(Abu Abid),who at the time was serving as Dalqamuni's assistant. Perhaps because he spoke Farsi,
Makhzumi was the GC's main contact to the Pasdaran. His Iranian case officer, we knew, was a senior
Pasdaran official named Feridoun Mehdi-Nezhad. Had Makhzumi traveled to Germany? Was he the one
who took the handoff from Dalqamuni? The Germans had no idea. We also found out Mehdi-Nezhad
had visited Frankfurt in July 1988. But the Germans again had no idea what he had done there or whom
he might have met. Mehdi-Nezhad had visited Libya in early 1988. If he had met with Dalqamuni a few
months later, it would have provided further evidence that the Pan Am bombing resulted from a broad
conspiracy by Iran, Libya, and the General Command. No one could dismiss the possibility, although the
Germans seemed to come close.
Baer is not too far off, and he had more to say about it, as researcher Ludwig De Braeckeleer noted
On May 24 2000, the National Council of Resistance of Iran (NCR) issued a press release claiming that Brigadier General Ahmad Beladi Behbahani had defected to Turkey. The NCR called upon the government of Turkey to put him under immediate arrest.
According to the NCR press release, Behbahani had been "President Rafsanjani's liaison with the Intelligence Ministry." The NCR alleged that Behbahani had first hand information about Tehran sponsored terrorism dating as far back as 1986.
Several Western observers grasped at once the importance of the defection. "If this man is Behbahani, then obviously he was a crucial figure in the intelligence set-up in Iran and his information would be extremely important," said Lord Avebury who had co-authored a 1996 report on Behbahani.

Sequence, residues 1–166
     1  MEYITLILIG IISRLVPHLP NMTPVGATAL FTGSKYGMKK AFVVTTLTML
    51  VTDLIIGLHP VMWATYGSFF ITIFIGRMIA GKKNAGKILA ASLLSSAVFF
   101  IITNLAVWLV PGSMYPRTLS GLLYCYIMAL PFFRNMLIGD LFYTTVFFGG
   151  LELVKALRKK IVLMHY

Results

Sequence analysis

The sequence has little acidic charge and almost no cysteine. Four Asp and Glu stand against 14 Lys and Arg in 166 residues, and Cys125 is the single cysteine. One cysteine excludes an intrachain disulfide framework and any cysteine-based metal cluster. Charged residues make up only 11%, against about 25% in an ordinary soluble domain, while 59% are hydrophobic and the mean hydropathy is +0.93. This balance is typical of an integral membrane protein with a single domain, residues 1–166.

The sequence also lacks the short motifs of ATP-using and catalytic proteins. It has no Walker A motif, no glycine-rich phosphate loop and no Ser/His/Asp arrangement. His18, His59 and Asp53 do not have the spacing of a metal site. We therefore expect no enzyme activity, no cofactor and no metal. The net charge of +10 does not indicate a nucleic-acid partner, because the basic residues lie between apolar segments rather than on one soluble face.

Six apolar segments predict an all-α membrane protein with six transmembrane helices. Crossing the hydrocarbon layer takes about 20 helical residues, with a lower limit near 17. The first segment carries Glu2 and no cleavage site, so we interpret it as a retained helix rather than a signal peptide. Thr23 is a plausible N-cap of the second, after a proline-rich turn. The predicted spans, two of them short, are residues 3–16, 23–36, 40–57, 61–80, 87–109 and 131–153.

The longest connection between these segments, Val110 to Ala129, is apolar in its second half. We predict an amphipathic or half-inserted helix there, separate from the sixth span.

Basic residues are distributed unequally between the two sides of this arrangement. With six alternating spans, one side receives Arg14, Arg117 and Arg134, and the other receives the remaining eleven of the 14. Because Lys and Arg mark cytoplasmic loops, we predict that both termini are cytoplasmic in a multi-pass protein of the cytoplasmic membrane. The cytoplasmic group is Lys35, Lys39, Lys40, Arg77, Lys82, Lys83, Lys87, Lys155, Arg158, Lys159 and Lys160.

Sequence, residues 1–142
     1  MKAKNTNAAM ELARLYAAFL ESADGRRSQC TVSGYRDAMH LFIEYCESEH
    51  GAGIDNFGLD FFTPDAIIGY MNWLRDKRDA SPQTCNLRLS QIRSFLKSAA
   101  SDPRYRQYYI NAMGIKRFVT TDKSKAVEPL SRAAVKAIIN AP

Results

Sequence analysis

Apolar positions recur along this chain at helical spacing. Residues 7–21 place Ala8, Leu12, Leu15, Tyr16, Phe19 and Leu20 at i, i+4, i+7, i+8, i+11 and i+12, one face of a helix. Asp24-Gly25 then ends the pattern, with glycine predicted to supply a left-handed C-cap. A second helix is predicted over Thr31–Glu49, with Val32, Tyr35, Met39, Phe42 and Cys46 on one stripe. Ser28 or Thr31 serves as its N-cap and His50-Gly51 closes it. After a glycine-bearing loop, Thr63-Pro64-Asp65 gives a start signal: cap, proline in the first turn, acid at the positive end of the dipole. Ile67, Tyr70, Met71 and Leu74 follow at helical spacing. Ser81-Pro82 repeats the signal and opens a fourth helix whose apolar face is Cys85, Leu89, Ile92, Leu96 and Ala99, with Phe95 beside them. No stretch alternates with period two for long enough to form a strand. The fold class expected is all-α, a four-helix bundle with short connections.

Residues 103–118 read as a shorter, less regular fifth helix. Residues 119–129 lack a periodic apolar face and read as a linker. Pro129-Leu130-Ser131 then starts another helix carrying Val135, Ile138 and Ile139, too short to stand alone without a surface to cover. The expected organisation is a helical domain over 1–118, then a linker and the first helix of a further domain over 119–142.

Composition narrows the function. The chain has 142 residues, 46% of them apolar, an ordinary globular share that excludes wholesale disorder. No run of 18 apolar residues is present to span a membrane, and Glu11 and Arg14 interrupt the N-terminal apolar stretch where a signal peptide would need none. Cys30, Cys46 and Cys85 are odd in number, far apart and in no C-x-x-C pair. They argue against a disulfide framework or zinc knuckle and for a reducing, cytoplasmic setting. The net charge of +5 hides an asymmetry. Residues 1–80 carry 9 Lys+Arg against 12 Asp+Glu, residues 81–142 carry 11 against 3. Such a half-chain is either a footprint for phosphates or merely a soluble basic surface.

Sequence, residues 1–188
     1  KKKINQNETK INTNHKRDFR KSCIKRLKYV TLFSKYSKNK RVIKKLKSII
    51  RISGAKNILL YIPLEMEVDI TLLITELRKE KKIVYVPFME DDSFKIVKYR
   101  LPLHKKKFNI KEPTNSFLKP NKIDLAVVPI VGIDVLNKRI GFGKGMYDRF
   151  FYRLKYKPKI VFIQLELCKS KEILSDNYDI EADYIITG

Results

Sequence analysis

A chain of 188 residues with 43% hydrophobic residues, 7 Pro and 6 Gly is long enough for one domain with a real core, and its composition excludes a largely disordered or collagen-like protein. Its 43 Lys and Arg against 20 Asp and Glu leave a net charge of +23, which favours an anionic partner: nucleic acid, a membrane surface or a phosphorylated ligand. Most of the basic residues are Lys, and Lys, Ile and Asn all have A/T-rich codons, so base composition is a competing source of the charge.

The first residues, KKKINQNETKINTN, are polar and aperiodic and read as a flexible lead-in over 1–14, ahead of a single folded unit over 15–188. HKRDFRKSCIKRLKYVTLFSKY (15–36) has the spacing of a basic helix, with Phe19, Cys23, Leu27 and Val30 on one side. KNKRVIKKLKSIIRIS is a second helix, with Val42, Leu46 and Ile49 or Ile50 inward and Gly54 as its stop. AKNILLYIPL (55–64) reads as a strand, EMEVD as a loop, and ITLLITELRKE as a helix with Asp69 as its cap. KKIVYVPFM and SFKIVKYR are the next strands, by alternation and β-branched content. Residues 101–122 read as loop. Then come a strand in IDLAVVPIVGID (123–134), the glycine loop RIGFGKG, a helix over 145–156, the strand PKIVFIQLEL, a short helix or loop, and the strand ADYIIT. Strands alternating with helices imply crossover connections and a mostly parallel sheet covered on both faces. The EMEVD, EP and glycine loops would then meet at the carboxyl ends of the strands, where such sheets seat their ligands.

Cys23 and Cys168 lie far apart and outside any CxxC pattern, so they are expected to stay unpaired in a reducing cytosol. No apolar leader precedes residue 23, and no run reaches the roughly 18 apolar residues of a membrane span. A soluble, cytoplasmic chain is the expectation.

A NCR spokesperson stated that Behbahani knew the truth about the Lockerbie bombing. On December 21 1988, a bomb blew up Pan American Flight 103 over Lockerbie, Scotland, causing the deaths of all 259 passengers and another 11 Scottish villagers on the ground.
The bombing was blamed on two Libyans; Abdel Basset Ali al-Megrahi, a Libyan intelligence officer and the head of security for Libyan Arab Airlines (LAA), and Lamin Khalifah Fhimah, the LAA station manager in Luqa Airport, Malta. On January 31 2001, Fhimah was acquitted. Megrahi was sentenced to life in prison.
Back in 2000, the NCR enjoyed little visibility in the U.S. and American media paid virtually no attention to these extraordinary allegations. Two years later, the NCR gained much credibility as the organization exposed two Iran secret nuclear facilities located at Natanz and Istaphan.
Only one America television news program decided to follow the NCR story. "60 Minutes" sent a team to eastern Turkey. CBS reporter Leslie Stahl was accompanied by Robert Baer, a former CIA officer, and Iranian-born associate CBS producer Roya Hakakian.
"If his story can be confirmed, and American intelligence is trying to do that right now, it would not only disrupt the trial of the two Libyans charged with that bombing, it could interfere with the Clinton administration's efforts at relaxing and improving relations with Iran," warned CBS on June 4, 2000.
Baer had prepared "control questions", that is questions that he felt an imposter would not be able to answer correctly.
Turkish officials categorically refused to allow the CBS team to enter the guarded camp for Iranian refugees. Nevertheless, Hakakian, who had traveled with the team to serve as translator, managed to get inside the camp surreptitiously.
Moreover, Hakakian was able to speak to Behbahani. Their long conversation convinced her that he was a genuine defector. "I traced the tone of someone who was extremely bitter, and was willing to go to any lengths in order to get revenge. He had fallen out of favor with the Iranian officials, with the government of Iran, and he just wanted to get back at them, at any cost."
What is more, the asylum seeker answered correctly the controlled questions prepared by the former CIA operative. "I am satisfied with the answers," Baer said.
"He's the only person that has tied Libya and Iran into Pan Am 103, into the Lockerbie bombing. This is the first authoritative source that I've ever heard that connected the two countries together. It was always a mystery," stated Baer, who worked on the initial phase of the CIA's Lockerbie inquiry.